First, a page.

And secondly, my idea of being back home was too idealistic. I was excited to spend time with my parents, meet up with friends, eat home-cooked meals, read a good book, sleep in my own bed...
I forgot the reality of my family life. The way my parents, though loving and giving, can make me feel suffocated. The fact that the two of them have a deteriorating relationship, inevitably affecting my mood for the worse. I forgot that being home for fall break meant staying inside my house alone, with minimal social contact. And I forgot about my anti-social, hermit tendencies, causing me to neglect visiting high school friends.

All of this "crap" accumulated into a feeling of inadequacy.  Even now with extra freedom, I had not concocted a life I was satisfied with. I thought about everything that can be improved- my family life, social life, self discipline, academics, extracurriculars, community involvement, and the list goes on.

We can be so mean to ourselves, so hard on ourselves. Whether it's not feeling pretty enough, cool enough, charismatic enough, smart enough, we sometimes feel like we are not enough. Which is not true at all. Don't work toward perfection. My parents used to always tell me as a kid that I was perfect. And I got it in my head that I could actually be some form of "perfect" if I worked on myself enough. News flash: perfect is impossible.

So please, don't feel like you have to be a certain type of person or have a specific life to be happy. Happiness is an unconditional part of our existence that everyone deserves. Don't wreck yourself over mistakes, failures, or procrastination. Sometimes, we need to take a deep breath and realize that it's okay to relax, "do nothing", and have an extra cookie . It's easy to be swept away by this fast paced world we live in, to be tense and stress about every little thing wrong in our lives. But it's even more important to accept all of you and the less than ideal decisions that you make. It's important to strive for improvement, yet still be wholeheartedly satisfied with your life right now.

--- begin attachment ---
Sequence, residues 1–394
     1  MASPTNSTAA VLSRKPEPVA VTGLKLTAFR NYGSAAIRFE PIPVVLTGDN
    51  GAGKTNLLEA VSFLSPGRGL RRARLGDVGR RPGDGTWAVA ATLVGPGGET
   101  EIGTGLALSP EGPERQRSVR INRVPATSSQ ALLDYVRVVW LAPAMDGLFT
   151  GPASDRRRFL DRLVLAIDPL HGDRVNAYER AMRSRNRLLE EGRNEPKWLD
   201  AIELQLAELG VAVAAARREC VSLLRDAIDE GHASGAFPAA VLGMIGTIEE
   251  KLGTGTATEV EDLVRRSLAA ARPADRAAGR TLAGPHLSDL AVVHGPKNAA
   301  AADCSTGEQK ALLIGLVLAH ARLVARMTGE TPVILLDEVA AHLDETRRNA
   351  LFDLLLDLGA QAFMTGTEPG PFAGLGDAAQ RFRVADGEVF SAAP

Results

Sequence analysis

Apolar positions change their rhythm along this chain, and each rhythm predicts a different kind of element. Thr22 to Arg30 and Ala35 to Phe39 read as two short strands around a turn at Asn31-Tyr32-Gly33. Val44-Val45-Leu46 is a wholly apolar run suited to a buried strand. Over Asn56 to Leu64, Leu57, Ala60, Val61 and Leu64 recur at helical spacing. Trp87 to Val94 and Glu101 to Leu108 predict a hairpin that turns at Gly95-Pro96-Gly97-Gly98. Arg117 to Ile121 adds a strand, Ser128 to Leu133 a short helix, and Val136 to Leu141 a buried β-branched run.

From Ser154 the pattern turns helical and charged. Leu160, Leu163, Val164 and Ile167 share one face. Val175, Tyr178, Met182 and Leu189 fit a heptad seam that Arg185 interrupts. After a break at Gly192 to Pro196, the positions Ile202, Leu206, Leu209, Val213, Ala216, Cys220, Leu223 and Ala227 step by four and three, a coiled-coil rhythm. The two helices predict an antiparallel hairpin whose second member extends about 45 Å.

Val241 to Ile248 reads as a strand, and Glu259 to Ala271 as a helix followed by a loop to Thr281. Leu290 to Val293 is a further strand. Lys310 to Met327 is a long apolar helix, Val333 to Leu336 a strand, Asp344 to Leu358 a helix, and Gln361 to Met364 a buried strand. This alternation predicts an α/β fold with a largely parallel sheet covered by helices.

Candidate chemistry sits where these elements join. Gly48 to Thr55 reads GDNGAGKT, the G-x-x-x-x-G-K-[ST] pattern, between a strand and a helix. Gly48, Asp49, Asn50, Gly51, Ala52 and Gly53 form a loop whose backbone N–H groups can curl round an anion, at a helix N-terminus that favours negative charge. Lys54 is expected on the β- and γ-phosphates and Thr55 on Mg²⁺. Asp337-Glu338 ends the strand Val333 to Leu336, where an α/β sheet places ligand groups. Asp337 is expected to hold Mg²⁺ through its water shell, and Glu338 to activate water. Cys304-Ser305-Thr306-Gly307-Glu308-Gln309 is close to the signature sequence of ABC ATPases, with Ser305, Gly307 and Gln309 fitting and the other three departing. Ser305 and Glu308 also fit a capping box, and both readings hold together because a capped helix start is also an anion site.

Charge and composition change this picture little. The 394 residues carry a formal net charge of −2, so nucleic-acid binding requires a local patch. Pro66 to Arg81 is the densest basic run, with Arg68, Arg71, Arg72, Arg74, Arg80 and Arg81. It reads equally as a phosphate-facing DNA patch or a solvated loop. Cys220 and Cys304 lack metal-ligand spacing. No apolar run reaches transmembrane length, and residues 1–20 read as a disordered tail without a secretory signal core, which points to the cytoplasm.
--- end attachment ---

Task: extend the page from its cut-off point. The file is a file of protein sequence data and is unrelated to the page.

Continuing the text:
So embrace your amazing, brilliant, spontaneous, imperfect self. Embrace your embarrassing, awkward, lazy, cowardly decisions. Embrace all of you- the whole you- because you are enough as you are.

Wednesday, October 21, 2015

Impatient Wanderer

You sat next to me. Introduction. "What's you're name," I ask. And I don't remember it because I'm too busy trying to stay cool.
Small talk. I liked your eyes.
We listen to the first lecture of our class.
Your body turns toward me, and say something I don't hear, but I smile anyway. Don't want to break this connection.
You're reserved, a little closed off. I want to break the shell.

Days, weeks. We're still on small talk. About the class really.
I realize you're good at this stuff. I like the way you think.

Now, we don't sit next to each other in class.
Some times we barely acknowledge each other.
Well, you barely acknowledge me.
You're still reserved.
Yet am I slightly breaking your shell?
I can't tell.
And I'm impatient.
I don't want to wait another day. Another week. I should've gotten your number from the start.
We can study together.
Now I don't know how.
We'll get there.

Maybe you don't want anything to do with me.
Maybe it was all in my head.
Maybe I just like the challenge.

Either way, I'm an impatient wanderer, hoping for something to happen.
I want too much from nothing because I never know what something means.
I float from woeful wishes, faces I do not know, waiting for my heartbeat to relax. Slow down. It should just happen. It shouldn't be so hard.

Floating is fun anyway. You see different sights, colors, textures, tastes, and do not know where you'll anchor. But I'd like to know...I am impatient.  I am done waiting for the right sound, time, place, smile. I want it to happen now. I want to be warmed by his voice. To throw on his oversized jacket. I want to press my lips against his and experience a lapse of mind, time, space, feeling-- all coinciding into one, this one fragile movement, this one promise of togetherness in a single kiss.

These are the thoughts of an impatient wanderer.

Monday, October 19, 2015

Going with the flow

It's incredibly hard for me to "go with the flow". I'd consider it one of my biggest flaws. Coming to terms with the fact that there are certain things that I cannot control is causes me a lot of stress. I think that's why I don't drink in college. I do not like losing control of myself, the one thing I have most, if not all, control over. Though mistakes can teach us, yadayada, I'd rather not make them while intoxicated.